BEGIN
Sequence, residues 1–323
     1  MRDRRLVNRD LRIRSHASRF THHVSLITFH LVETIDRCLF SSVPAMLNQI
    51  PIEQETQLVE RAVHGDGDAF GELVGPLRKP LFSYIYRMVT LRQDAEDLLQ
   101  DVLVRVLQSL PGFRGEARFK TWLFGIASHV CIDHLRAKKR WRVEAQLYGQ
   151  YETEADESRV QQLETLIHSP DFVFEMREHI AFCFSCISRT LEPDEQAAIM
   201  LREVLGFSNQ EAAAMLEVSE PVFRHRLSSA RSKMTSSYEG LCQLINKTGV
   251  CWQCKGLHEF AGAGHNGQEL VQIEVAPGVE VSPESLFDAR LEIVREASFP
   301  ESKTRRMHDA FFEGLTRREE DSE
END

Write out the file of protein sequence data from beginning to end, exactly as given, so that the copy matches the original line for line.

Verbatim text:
Sequence, residues 1–323
     1  MRDRRLVNRD LRIRSHASRF THHVSLITFH LVETIDRCLF SSVPAMLNQI
    51  PIEQETQLVE RAVHGDGDAF GELVGPLRKP LFSYIYRMVT LRQDAEDLLQ
   101  DVLVRVLQSL PGFRGEARFK TWLFGIASHV CIDHLRAKKR WRVEAQLYGQ
   151  YETEADESRV QQLETLIHSP DFVFEMREHI AFCFSCISRT LEPDEQAAIM
   201  LREVLGFSNQ EAAAMLEVSE PVFRHRLSSA RSKMTSSYEG LCQLINKTGV
   251  CWQCKGLHEF AGAGHNGQEL VQIEVAPGVE VSPESLFDAR LEIVREASFP
   301  ESKTRRMHDA FFEGLTRREE DSE